The SBA clarified that its ordinary affiliation exceptions under 13 CFR §121.103(b) still apply. For instance, the SBA has exceptions applicable to business concerns such as those owned and controlled by Tribes and Native Corporations. Under ordinary SBA rules, such concerns are not considered affiliates of the entities. The SBA explained that while the CARES Act identifies Tribal business concerns having fewer than 500 employees as being PPP eligible, the SBA believes that “such specific identification is superfluous” and such business concerns would be eligible as “small business concerns.”¹ Thus, the SBA concluded that if such business concerns employ fewer than 500 individuals, while applying the pre-CARES Act affiliation exceptions, then they are PPP eligible.¹⁰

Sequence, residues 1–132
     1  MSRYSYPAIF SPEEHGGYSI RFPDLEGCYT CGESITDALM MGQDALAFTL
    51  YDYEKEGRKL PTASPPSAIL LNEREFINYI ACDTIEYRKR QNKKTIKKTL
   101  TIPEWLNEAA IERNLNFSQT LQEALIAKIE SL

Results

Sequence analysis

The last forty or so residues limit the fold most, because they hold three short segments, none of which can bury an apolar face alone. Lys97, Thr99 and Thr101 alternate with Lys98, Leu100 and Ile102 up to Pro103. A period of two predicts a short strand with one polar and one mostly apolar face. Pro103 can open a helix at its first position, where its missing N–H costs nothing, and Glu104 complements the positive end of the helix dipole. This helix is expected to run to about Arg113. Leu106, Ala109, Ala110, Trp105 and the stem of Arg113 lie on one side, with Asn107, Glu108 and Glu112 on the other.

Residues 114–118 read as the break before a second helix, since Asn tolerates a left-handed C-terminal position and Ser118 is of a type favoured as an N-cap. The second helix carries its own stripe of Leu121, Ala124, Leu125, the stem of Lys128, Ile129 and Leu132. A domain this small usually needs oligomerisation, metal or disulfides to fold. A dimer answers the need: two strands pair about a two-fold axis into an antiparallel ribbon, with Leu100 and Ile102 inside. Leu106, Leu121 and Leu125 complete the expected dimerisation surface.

According to the SBA, the SBA’s existing affiliation rule for financial assistance applies to applicants unless they are listed in 13 CFR §121.103(b) or in the CARES Act waiver. This includes applicants such as business concerns owned or controlled by investment firms.
The existing SBA affiliation rule counts the applicant’s employees and all employees of the applicant’s affiliates. However, the SBA notes that the CARES Act rescinded a recent SBA amendment such that the common-investment affiliation rule and the economic-dependence affiliation rule no longer apply to financial assistance programs, including PPP. Thus, the SBA will no longer use either of those rules to affiliate multiple owners of an applicant or “an applicant with a firm from which it obtains 85 percent or more of its revenues.”¹¹